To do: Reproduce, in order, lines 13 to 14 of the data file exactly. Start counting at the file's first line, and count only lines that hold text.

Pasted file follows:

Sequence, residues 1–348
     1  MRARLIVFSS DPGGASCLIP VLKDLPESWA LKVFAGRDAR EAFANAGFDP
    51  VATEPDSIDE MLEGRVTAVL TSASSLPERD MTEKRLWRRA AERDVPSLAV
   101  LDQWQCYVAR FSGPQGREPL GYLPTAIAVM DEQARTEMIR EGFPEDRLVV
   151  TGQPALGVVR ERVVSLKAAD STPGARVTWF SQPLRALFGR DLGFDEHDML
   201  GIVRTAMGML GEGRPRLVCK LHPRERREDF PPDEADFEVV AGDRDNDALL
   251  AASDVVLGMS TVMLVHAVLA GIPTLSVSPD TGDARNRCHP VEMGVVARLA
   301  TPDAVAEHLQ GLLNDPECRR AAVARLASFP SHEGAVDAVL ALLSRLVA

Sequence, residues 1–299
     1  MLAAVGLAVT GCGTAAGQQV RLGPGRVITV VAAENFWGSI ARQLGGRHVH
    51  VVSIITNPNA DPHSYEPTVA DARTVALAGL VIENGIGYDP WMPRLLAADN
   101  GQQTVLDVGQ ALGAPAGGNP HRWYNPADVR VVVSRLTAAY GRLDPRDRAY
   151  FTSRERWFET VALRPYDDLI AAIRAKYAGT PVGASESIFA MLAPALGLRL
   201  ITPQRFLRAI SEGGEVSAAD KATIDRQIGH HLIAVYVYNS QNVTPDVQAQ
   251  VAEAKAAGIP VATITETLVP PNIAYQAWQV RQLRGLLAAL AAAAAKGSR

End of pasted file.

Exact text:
   151  FTSRERWFET VALRPYDDLI AAIRAKYAGT PVGASESIFA MLAPALGLRL
   201  ITPQRFLRAI SEGGEVSAAD KATIDRQIGH HLIAVYVYNS QNVTPDVQAQ